This course uses films (as well as writings about films) as sources to investigate a specific historical period, the 1960’s. The approach is primarily reflective. We are interested in what American commercial or Hollywood films reveal about the tumultuous period, that is, how filmmakers have consciously and unconsciously been affected by the defining events and mood of the period, a cultural era with roots in the 1950’s that matured during the liberalism and radicalism of the 1960’s.
HON 400-1010: America and Lincoln
T 2:30 – 5:15pm
Instructor: Michael Green, PhD
This seminar will examine the life, times, and impact of Abraham Lincoln--the man and the issues. The main focus will be on Lincoln's views of and connection to slavery, but also to the other issues that divided 19th century America and how he has shaped and been a crucial part of the 20th and 21st centuries as well. Students will be expected to read several books, contribute to discussion, and learn first-hand about primary and secondary research.
HON400-1011: Criticism, Social Science, and Human Nature.
Instructor: Todd Jones, PhD
Humanities scholars have often claimed that one can learn a tremendous amount about human nature from studying literature and other arts (usually through a method of scholarship called “criticism.”) But understanding human nature is also the natural province of the social sciences. Do the social sciences and the humanities give us complimentary understandings of human nature? Or are they competitors? Can we really learn about the nature of love from Romeo and Juliet? Or should people interested in understanding love be studying the articles of Helen Fisher? In this seminar we will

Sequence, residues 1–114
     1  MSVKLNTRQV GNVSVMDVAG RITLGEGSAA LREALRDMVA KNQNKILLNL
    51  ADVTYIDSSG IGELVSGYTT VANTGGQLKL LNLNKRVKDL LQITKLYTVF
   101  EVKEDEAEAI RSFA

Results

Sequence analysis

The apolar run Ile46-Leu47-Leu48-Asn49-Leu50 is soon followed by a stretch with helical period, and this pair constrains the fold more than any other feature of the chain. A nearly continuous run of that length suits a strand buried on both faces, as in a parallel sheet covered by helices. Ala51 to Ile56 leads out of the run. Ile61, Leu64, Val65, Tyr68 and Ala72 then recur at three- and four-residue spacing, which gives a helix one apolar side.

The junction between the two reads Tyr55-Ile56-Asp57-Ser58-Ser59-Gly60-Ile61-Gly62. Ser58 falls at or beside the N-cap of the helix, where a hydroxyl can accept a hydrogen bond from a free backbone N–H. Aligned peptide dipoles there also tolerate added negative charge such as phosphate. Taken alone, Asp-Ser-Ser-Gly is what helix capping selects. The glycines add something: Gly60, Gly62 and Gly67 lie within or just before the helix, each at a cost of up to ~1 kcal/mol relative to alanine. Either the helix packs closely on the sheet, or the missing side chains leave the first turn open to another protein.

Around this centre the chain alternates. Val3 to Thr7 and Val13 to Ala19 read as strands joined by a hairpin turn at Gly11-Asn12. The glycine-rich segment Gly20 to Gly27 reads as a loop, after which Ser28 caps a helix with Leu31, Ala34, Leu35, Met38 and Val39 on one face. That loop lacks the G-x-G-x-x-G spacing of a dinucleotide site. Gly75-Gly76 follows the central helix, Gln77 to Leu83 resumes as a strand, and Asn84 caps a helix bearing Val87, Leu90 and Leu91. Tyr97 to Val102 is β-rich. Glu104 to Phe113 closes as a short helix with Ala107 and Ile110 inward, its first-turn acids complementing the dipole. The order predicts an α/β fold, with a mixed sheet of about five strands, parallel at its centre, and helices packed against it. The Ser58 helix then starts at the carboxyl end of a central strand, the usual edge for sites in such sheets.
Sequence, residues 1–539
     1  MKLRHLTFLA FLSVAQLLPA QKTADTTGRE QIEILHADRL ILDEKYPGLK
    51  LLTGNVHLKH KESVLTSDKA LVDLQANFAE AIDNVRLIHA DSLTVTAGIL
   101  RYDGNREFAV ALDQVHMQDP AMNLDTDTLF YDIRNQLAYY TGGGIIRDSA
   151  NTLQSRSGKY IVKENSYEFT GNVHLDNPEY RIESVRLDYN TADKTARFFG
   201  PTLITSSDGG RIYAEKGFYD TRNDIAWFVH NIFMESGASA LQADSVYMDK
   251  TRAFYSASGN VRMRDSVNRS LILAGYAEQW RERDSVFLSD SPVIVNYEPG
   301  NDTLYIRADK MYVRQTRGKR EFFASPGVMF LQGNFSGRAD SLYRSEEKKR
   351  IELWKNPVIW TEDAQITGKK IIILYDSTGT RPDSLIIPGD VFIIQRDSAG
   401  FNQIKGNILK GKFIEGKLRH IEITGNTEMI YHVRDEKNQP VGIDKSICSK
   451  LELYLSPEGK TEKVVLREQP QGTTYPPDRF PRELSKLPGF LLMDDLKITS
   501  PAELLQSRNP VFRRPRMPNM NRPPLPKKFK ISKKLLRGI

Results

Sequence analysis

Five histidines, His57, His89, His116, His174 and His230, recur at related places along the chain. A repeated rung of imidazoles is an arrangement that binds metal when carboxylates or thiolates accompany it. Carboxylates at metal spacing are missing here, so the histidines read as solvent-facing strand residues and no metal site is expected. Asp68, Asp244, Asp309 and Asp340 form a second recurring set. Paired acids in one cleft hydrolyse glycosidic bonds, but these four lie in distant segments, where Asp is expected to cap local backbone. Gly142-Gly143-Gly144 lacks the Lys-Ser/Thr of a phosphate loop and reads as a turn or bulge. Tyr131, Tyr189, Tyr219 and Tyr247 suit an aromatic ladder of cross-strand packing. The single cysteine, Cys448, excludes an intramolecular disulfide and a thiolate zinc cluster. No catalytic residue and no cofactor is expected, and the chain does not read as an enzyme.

do a thorough investigation of the question of what we can and can’t really expect to learn about human nature from the study of literature and other arts.
HON 400-1012: Acting for a Living
Instructor: Clarence Gilyard
What does acting have to do with where I'm going? Quo Vadis? And since we’re on the subject, let’s just be HONEST about what we want out of life. After all, in the words of the great now deceased Polonius, "To thine own self be true…” Once you leave UNLV you are going to do and be whatever and whomever you like. Right? Are you able to articulate those two? How do you project yourself manifesting the two? The road to where you want to go in your life seems to lie in the arena of your chosen field of study. Yet you may have questions about such matters as goals, obstacles, excellence, integrity, values, happiness, relevance…This course will use the rubrics of classic Stanislavski actorstraining, and draw striking relationships between how the acting artist's process creates an effective character and how the artist in you creates an effective future master of the universe. In the words of the great now deceased Shakespeare, creator of Polonius, "All the worlds a stage…"